Voices: Hip-Hop as a Social Practice was the senior research project of Dance and Anthropology/Sociology major, Vaval Victor and performed at Denison early March. The student choreographed piece explores Hip-Hop as a source of liberation, expression, and autonomy for black bodies in society today. “I share with the world something very close to my heart, my first production as an artist/creator/choreographer.” VvV
Fine Arts Senior Spotlight
Some take aways and favorite Denison memories from our AMAZING arts seniors!
Nicholas and Harrison DeChant, Vocal Performance Minors
Throughout their four years on the hill, it is no doubt that identical twins, Nicholas and Harrison, have made lasting memories and relationships within the fine arts community. Both Nicholas and Harrison agree that they will miss both their peers and professors from Denison the most. Nicholas says that “it was a real joy to work and grow” along with fellow students and professors in the arts community. Harrison adds that he has found the art community at Denison to be “full of spectacular talent with students and professors engaged and truly interested in the material.” He believes that being in this environment at Denison is what allowed him to always reach his full potential in the arts. Along with throwing a cast party in Eisner that almost got busted by security, and getting trapped in an elevator during a dress rehearsal, some of their favorite memories at Denison have been made during rehearsals for the many music ensembles that they each took part in. Harrison reflects on his time in rehearsals, saying that, “Getting to make music and art with friends and having their and your talents combine is a really enjoyable experience and one I’ll miss dearly.” Nicholas says that, “The music and acting was always made better by the jokes and laughter we all shared with each other. I never would laugh as hard during the day as I did during rehearsals, and that was what made my time in the Fine Arts extra special.” When asked what they will each take away from their Denison experience, Nicholas says “If anything, I’ll take away that the pursuit of knowledge, self-improvement, and especially excellence in the arts, helps to create a better and more enjoyable society.” Harrison says, “After my time at Denison, I truly have understood what an amazing difference caring mentors and instructors make in the development of a student. Their motivation and support have made all the difference in the world for me, and I hope I can take that with me in the future and be able to be as caring and good of a mentor as I experienced here in the arts community at Denison.”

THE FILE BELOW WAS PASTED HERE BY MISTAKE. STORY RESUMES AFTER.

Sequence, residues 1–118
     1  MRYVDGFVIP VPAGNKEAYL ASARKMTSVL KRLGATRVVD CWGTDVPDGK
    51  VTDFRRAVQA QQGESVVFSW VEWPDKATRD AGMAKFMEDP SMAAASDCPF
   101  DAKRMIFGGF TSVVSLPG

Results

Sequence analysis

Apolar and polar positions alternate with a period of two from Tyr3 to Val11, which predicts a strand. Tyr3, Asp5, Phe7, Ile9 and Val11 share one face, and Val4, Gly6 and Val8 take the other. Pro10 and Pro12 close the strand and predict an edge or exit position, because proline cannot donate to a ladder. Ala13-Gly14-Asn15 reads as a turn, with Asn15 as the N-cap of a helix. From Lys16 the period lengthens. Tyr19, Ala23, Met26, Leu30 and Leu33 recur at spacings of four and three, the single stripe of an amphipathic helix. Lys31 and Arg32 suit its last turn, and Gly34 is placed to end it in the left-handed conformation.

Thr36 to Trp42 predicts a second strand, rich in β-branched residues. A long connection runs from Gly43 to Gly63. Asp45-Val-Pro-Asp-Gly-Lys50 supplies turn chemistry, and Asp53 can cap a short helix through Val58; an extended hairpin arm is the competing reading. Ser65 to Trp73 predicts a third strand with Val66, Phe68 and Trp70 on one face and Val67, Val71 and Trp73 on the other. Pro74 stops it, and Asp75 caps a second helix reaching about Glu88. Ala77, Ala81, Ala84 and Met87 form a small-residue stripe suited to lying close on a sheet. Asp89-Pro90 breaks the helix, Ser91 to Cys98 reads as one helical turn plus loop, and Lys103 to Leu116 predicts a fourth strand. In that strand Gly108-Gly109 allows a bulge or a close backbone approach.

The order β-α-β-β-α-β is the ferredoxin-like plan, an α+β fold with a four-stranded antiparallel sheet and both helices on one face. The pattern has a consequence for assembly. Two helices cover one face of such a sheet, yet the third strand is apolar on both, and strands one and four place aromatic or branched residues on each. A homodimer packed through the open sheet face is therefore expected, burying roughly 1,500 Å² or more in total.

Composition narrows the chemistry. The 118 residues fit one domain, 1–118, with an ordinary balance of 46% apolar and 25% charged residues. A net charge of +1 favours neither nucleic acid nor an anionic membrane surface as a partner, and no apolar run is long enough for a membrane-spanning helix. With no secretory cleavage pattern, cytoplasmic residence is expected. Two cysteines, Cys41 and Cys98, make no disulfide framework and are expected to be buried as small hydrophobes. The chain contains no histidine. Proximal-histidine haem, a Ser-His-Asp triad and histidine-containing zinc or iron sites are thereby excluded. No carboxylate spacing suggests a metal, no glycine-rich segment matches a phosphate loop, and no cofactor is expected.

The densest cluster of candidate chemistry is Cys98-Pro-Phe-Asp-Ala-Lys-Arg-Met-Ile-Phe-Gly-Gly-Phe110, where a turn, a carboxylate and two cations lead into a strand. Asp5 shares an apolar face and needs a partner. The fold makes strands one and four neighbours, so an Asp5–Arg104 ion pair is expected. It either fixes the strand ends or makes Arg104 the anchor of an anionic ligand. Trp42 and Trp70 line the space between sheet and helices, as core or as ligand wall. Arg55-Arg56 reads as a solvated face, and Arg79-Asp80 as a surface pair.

Taylor Kern, Music Minor
Taylor says that one of her favorite memories of being a part of the arts community at Denison has been working with ETHEL. She says that performing alongside them and getting to watch them perform her composition was an amazing experience. Taylor will miss the connection she made with fellow music students and music professors through a mutual love and interest in music. She says that she loves “having a random conversation about a cool intro in a Handel piece I’m singing with Dr. Rudd or ranting about how great William Byrd and Bach are with Dr. Blim (and discussing music memes).” Taylor says that she will take away “the fact that music always has value and will always be important in my life. Though I may not be a full-time musician, I will always strive to keep that part of me present in my life by hopefully singing in church choirs and maybe even joining a professional ensemble someday.”
Wynn Reed, Dance and Geology Major
In their words, “I have been surrounded by Geology, Dance, and the Homestead for the past 5 years. I fell deeply in love with Granville and the gorgeous students who I lived with.” One of Wynn’s favorite memories of being a part of the Dance Department at Denison is performing Monumental for Sandra Mathern-Smith’s Site Dance course. “Our class choreographed a piece on top of a hand-made wooden mountain at the Denison Art Space in Newark in collaboration with guest artists.” Wynn also performed a site dance piece to commemorate the time they and 11 other Homesteaders moved to the Bancroft house for a month. The dance was performed at the Bancroft house, and Wynn wore VR goggles while running down the steep hill behind Crawford, attempting to look like an artist. Denison has provided me with so many beautiful friends, many of whom live in Columbus. I’m lucky to live and work with many DU students, all while still going to Denison.”